The big headline in the tech world to start 2018 was the disclosure of "Meltdown" and "Spectre," security flaws discovered in legacy Intel (INTC -1.36%) chips. After the revelations, Intel's head of client computing, Greg Bryant, gave a talk at the Consumer Electronics Show in Las Vegas on Jan. 9, where he addressed investor and customer concerns. Here, in summary, is what he had to say:
- 90% of systems five years old and younger would have fixes available for last week.
- The remaining 10% should have fixes by the end of the month.
- Older systems would then get fixes throughout the year.
- The company doesn't know of a case where data has been compromised.
- While fixes might affect processor speed on some systems, Intel will be working to increase performance once security patches are in place.
However, it's not as if equipment makers will stop using Intel chips, and for those looking at Intel as a contrarian buy, Bryant delved deeper into several aspects of Intel's current strategy. Here are five things he wants investors to know.
1. Segment focus
Many investors may think Intel's performance is tied to the personal-computer market, and there is some validity to that viewpoint. However, the PC market is not some big, monolithic market that moves with economic growth. Instead, Bryant wants investors to know there are many segments within personal computing, and Intel got very focused on four specific segments over the past year: two-in-one notebooks, Chromebooks, gaming, and high-end enterprise. While the overall PC market grew in the high single digits this year, these segments grew by double digits, with the exception of the high-end enterprise -- but that segment is highly profitable.
Focusing on just those four segments and eliminating costs on lower-value solutions allowed Intel to greatly increase its operating margin over the past year:
2. Adjacent markets
Intel is also looking to branch out from its central processing units (CPU) and PC roots into adjacent markets, with integrated solutions for specific use cases. In fact, Bryant thinks Intel has an opportunity to tap a $60 billion total addressable market (TAM) in these integrated solutions markets:
There are direct adjacent share wallet opportunities like my peers have in terms of WiFi connectivity, LTE connectivity attached, Optane memory attached, graphics attached. That TAM is a $60 billion TAM, it's much bigger than just the PC CPU TAM, and I really -- so the other thing I've done with the team is let's go focus on growing in those adjacent parts of the share wallet, if you will.
One of the more exciting growth segments Bryant identified is in gaming. According to Bryant, 1.2 billion people play PC-based video games, and that number increases to 2.2 billion if you count those who play on smaller laptops and phones. In addition, 300 million people watch esports.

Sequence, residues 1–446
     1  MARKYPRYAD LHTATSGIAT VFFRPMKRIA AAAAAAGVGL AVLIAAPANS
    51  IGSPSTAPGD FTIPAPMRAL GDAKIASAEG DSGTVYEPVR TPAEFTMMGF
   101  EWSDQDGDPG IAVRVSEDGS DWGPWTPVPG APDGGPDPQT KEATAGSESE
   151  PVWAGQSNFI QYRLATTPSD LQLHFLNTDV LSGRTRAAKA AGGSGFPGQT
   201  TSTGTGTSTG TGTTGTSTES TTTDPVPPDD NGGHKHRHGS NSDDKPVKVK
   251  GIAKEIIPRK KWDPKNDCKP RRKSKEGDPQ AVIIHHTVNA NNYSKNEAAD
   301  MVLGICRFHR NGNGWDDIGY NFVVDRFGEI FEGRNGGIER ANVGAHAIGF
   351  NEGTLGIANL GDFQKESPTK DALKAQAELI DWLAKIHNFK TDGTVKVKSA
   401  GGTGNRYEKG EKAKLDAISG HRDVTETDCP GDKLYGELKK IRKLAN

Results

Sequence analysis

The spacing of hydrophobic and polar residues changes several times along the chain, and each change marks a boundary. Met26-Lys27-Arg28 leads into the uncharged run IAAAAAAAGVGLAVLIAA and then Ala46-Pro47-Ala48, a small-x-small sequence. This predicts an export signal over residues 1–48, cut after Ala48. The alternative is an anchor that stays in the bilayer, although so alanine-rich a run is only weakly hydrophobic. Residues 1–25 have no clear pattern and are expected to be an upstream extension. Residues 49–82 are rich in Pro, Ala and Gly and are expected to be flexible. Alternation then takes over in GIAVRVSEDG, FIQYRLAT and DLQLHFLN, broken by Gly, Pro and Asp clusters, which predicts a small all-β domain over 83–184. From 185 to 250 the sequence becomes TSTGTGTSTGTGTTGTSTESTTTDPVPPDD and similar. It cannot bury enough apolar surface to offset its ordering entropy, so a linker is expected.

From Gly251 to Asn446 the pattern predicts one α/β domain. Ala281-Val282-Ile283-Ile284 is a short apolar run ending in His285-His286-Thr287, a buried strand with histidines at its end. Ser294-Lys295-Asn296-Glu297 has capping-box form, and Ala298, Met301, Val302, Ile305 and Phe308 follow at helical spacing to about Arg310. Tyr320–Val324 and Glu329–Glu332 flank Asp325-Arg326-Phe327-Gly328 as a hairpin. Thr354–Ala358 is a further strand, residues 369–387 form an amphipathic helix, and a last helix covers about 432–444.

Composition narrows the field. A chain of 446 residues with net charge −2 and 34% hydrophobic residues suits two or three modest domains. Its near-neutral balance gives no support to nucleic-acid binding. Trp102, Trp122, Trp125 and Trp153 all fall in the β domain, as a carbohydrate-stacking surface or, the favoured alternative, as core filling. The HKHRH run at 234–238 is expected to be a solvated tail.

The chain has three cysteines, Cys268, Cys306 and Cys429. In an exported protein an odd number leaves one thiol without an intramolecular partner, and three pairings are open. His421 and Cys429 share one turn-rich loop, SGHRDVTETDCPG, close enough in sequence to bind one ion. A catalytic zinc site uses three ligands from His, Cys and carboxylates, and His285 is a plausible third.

Intel has been working hard to catch up to gaming graphics leader NVIDIA (NVDA 1.45%), and in November it announced a partnership with AMD, whereby Intel's eighth-generation CPU processors will be integrated with AMD's GPUs and high-bandwidth memory, to provide an integrated solution designed specifically for gaming on notebooks and thin laptops. According to PC Gamer, the solution will probably have leading price-performance characteristics in light notebooks and laptops, while NVIDIA will probably retain its performance advantage in premium desktop gaming.
Bryant was also excited about 5G technology. Intel will be sponsoring the Olympic games this year, where it will showcase some of its end-to-end 5G solutions; however, Intel's 5G products probably won't be ramped up until 2019, and then more widely in 2020. Bryant believes 5G will enable new applications such as autonomous vehicles, augmented reality, and smart cities of the future. This is a topic I've written about before, and Intel is likely to be at the very center of it -- when it happens.
Finally, Bryant confirmed that Intel was on track for its ramp-up of 10-nanometer manufacturing, called Cannon Lake, in the first half of 2018, followed by a wider, more "mainstream" ramp-up in the second half of 2018. The 10-nanometer ramp-up had been delayed a few times in 2017, but Bryant confirmed that the technology should be ready to bring denser CPUs and field-programmable gate arrays to market very soon. Considering Bryant claimed that Intel's 14-nanometer++ process led to a 40% improvement in performance, original equipment manufacturers are likely to be excited about what 10-nanometer manufacturing can bring, even if they've had to wait a bit longer than they'd like.